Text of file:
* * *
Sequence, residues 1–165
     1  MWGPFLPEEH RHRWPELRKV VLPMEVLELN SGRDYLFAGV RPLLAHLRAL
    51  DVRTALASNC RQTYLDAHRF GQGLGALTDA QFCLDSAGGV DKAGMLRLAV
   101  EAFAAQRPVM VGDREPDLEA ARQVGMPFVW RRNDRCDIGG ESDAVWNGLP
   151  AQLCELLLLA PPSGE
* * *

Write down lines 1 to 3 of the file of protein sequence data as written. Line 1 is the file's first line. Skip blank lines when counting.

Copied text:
Sequence, residues 1–165
     1  MWGPFLPEEH RHRWPELRKV VLPMEVLELN SGRDYLFAGV RPLLAHLRAL
    51  DVRTALASNC RQTYLDAHRF GQGLGALTDA QFCLDSAGGV DKAGMLRLAV